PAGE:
7 Cybersecurity Tips for Your Organization
Last month was Cybersecurity Awareness Month. How did you recognize it at your organization? If you didn’t know about it, don’t worry. It’s never too late to raise awareness about being cyber smart. Cybersecurity should be emphasized throughout the year — not just in October. Below are seven cybersecurity tips to share with your organization as well as information on where to find even more information from the Cybersecurity and Infrastructure Security Agency.
- Double your login protection. Enable multi-factor authentication (MFA) for all accounts and devices to ensure that the only person who has access to your account is you. Use it for email, banking, social media, and any other service that requires logging in. If MFA is an option, enable it by using a trusted mobile device, such as your smartphone, an authenticator app, or a secure token—a small physical device that can hook onto your key ring. Read the Multi-Factor Authentication (MFA) How-to-Guide for more information.
- Shake up your password protocol. According to National Institute of Standards and Technology (NIST) guidance, you should consider using the longest password or passphrase permissible. Get creative and customize your standard password for different sites, which can prevent cyber criminals from gaining access to these accounts and protect you in the event of a breach. Use password managers to generate and remember different, complex passwords for each of your accounts. Read the Creating a Password Tip Sheet for more information.
- If you connect, you must protect. Whether it’s your computer, smartphone, game device, or other network devices, the best defense against viruses and malware is to update to the latest security software, web browser, and operating systems. Sign up for automatic updates, if you can, and protect your devices with anti-virus software. Read the Phishing Tip Sheet for more information.
- Play hard to get with strangers. Cyber criminals use phishing tactics, hoping to fool their victims. If you’re unsure whom an email is from—even if the details appear accurate— or if the email looks ‘phishy,’ do not respond and do not click on any links or attachments found in that email. When available use the “report phish” or “report” option to help your organization or email provider block other suspicious emails before they arrive in your inbox.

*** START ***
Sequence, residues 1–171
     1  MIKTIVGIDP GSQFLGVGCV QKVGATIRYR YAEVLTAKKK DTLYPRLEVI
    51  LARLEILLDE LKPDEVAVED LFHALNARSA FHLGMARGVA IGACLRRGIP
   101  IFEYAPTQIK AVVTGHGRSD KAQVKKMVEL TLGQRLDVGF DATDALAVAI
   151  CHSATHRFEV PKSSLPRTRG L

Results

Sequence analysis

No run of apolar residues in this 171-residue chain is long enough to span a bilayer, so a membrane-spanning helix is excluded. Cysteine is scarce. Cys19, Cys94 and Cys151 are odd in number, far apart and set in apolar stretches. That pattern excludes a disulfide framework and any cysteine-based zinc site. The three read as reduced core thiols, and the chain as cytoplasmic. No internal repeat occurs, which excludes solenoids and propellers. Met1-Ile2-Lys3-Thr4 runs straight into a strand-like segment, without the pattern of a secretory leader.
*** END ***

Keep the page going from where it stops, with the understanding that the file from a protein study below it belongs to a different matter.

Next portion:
- Never click and tell. Limit what information you post on social media—from personal addresses to where you like to grab coffee. What many people don’t realize is that these seemingly random details are all criminals need to know to target you, your loved ones, and your physical belongings—online and in the real world. Keep Social Security numbers, account numbers and passwords private as well as specific information about yourself such as your full name, address, birthday and even vacation plans. Disable location services that allow anyone to see where you are – and where you aren’t – at any given time. Read the Social Media Cybersecurity Tip Sheet for more information.
- Keep tabs on your apps. Most connected appliances, toys and devices are supported by a mobile application. Your mobile device could be filled with suspicious apps running in the background or using default permissions you never realized you approved—gathering your personal information without your knowledge while also putting your identity and privacy at risk. Check your app permissions and use the “rule of least privilege” to delete what you don’t need or no longer use. Learn to just say “no” to privilege requests that don’t make sense. Only download apps from trusted vendors and sources.
- Stay protected while connected. Before you connect to any public wireless hotspot – like at an airport, hotel or café – be sure to confirm the name of the network and exact login procedures with appropriate staff to ensure that the network is legitimate. If you do use an unsecured public access point, practice good internet hygiene by avoiding sensitive activities (e.g., banking) that require passwords or credit cards. Your personal hotspot is often a safer alternative to free Wi-Fi. Only use sites that begin with “https://” when online shopping or banking.
For more tip sheets, visit CISA’s very helpful website.
Laurie Head is an owner of AIS Network.